The BIM profile provides information for creating and managing the infrastructure, ensuring that building projects are more efficient and more economic with less environmental impact, whilst still addressing wasted costs
BIM allows users to visualise and explore design ideas, simulate multiple alternatives, identify problem areas and improve productivity which is why many consultants are now using the BIM process within the construction industry and why many manufacturers now have their products available to download from arenas such as BIMSTORE as well as their own websites.
One leading consultant is so convinced of the success of using BIM that they have published their top 10 benefits of BIM, which can be found at www.mottmac.com/article/2385/building-information-modelling-bim
The only question left is what are you waiting for?
No one wants anyone on site to be hurt, the Health and Safety Executive promotes a mindset of everyone going home at the end of the day, safely. So why is site safety sometimes in question?
As manufacturers of precast concrete drainage products, that include pipes, tank systems and box culverts, we occasionally see somethings that are questionable, thankfully its reduced considerably in the last 10 years, but we still see a ladder that isn’t secure or a trench where we can’t see the true depth because of rainfall.
When questioned about these, we usually receive the same set of answers, “its someone else’s job”, “we don’t have the time” or “it costs too much”.
So let’s start with “its someone else’s job” – site safety is everyone’s job, how would you feel if something happened and you could have done something about it? Even if it was just telling the site safety officer a ladder haven’t been secured correctly.
“We don’t have the time” How long does it really take to put the end rails on a scaffold? To secure a set of ladders? To establish the depth of a trench? And finally “it costs too much” What is the cost of an extra ladder, trench box etc compared to the cost of an accident, injury or even fatality?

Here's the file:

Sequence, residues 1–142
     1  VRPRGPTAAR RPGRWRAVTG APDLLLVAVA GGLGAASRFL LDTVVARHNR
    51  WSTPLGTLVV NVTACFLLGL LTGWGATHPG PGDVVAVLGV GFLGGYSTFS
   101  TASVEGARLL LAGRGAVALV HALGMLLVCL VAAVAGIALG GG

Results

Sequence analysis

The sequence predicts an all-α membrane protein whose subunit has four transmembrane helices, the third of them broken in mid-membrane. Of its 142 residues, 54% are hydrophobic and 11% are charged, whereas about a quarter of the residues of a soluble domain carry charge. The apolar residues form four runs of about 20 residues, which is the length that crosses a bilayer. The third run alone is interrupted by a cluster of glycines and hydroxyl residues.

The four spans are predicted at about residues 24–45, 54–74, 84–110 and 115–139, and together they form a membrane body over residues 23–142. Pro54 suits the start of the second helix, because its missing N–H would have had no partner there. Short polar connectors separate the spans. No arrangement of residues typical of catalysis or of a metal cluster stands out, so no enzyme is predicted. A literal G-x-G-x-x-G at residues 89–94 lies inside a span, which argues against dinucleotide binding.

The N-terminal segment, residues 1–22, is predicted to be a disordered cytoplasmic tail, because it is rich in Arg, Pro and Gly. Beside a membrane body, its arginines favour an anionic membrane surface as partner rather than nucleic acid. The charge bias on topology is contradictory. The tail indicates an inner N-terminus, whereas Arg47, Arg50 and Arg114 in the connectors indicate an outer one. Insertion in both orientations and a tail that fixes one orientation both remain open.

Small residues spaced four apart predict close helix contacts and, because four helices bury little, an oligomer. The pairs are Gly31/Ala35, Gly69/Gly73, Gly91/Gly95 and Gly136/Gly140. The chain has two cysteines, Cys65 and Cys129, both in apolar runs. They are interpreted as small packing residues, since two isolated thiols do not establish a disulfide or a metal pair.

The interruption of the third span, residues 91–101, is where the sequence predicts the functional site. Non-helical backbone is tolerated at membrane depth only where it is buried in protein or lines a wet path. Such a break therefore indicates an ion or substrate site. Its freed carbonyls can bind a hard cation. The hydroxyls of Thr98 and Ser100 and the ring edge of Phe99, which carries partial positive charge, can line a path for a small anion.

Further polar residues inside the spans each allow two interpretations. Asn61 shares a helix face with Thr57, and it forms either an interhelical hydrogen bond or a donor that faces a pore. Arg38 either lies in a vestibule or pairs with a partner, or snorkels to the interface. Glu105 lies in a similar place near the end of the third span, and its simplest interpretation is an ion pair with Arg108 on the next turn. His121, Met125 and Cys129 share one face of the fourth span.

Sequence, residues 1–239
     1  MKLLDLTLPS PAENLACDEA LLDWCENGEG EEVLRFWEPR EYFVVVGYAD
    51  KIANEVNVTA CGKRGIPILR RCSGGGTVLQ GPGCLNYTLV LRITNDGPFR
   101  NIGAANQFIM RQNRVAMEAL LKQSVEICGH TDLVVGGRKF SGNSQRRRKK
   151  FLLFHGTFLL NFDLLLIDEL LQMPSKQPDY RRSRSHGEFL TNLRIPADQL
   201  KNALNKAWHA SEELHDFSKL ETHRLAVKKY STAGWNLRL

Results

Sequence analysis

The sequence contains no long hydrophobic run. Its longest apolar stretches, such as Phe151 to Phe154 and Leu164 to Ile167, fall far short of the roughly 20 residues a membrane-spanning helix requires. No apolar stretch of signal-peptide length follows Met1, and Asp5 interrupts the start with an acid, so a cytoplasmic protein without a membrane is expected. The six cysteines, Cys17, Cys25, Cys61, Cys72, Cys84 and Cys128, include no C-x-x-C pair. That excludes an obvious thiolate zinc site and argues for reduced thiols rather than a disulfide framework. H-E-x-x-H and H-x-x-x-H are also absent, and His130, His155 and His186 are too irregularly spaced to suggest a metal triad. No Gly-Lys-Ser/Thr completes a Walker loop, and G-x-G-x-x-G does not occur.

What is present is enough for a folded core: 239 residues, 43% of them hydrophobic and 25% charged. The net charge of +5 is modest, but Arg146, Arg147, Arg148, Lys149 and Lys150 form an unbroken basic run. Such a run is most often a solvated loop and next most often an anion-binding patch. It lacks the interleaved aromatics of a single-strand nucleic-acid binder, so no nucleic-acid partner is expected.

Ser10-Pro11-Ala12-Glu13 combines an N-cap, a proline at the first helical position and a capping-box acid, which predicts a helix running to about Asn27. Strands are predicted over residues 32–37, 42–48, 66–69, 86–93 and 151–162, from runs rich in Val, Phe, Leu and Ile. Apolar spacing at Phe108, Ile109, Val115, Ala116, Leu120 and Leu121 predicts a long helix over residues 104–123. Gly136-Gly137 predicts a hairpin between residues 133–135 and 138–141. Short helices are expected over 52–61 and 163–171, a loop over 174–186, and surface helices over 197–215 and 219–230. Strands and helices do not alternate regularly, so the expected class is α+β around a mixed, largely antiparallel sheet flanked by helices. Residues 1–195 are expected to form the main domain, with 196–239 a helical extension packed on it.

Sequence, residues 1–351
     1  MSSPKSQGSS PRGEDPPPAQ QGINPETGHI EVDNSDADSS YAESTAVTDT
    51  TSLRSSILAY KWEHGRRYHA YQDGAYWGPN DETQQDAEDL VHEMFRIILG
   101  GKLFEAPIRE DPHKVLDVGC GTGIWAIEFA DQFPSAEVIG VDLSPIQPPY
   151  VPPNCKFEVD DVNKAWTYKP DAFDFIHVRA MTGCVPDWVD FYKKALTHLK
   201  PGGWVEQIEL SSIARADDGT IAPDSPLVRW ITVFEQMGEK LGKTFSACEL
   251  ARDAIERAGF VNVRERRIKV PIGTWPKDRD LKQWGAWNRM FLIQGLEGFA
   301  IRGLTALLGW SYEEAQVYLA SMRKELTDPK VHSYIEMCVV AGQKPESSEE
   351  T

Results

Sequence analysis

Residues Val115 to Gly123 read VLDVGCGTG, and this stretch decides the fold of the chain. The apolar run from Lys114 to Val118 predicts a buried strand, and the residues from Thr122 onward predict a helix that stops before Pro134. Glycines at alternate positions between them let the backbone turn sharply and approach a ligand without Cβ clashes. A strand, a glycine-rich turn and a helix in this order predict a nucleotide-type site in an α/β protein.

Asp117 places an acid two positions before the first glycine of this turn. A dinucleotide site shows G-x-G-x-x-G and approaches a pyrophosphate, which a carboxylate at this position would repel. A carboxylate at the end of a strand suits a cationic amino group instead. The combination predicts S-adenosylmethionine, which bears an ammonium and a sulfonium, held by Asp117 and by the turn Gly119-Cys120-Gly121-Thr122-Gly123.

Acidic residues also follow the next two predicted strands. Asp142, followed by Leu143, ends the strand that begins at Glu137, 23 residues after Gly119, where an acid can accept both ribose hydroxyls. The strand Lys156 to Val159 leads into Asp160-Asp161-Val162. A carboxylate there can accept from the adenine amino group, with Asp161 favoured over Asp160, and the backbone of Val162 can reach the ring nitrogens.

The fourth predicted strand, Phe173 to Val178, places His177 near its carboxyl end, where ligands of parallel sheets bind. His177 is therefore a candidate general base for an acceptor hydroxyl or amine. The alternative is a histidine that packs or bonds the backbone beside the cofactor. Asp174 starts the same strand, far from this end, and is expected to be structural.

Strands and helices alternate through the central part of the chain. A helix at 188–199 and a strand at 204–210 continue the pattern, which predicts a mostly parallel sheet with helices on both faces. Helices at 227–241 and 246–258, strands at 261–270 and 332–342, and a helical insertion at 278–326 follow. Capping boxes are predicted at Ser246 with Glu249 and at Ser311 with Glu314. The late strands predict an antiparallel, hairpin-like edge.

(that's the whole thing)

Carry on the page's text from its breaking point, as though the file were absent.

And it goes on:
If you have a safe site, you are more likely to have a more productive one, one with clean work areas, proper access and equipment.
With the increased flooding of rivers becoming more common over the last 10 years, the Environment Agency has looked at different ways in which river bank erosion can be avoided.
Concrete pipeline systems have been part of the backbone to the UK’s sewerage network for over 150 years for good reason. The inherent strength of precast concrete products, their durability and their availability in a wide choice of sizes and cross-sectional shapes has made them a favourite choice. This blog adds some of the detail behind the headlines in our Heavyweight campaign
The introduction of asset management period six, known as AMP6 by industry regulator Ofwat has seen water company costs measured on a total expenditure basis for the first time, which requires the proper consideration of the long term performance of assets in addition to capital cost efficiencies.
A ‘Lego’ style concrete retaining wall block is helping Network rail reduce the disruption to services when trackside landslips endanger the rail network.
The concrete block system was first used by Dean and Dyball Rail on the Blackboy Tunnel/Exmouth Junction where a section in a cutting, approximately 20 meters long, required stabilising. Historically, there had been several small slips which had resulted in a timber post and sleeper retaining wall being constructed and this was in the process of collapsing onto the S&T trough route. Continue reading “Retaining the Rail Network”